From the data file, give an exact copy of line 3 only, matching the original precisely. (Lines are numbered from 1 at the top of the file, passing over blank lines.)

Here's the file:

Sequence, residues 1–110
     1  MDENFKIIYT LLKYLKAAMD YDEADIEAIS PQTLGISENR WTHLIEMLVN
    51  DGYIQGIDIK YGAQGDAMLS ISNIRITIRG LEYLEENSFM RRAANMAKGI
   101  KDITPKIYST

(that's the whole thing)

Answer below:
    51  DGYIQGIDIK YGAQGDAMLS ISNIRITIRG LEYLEENSFM RRAANMAKGI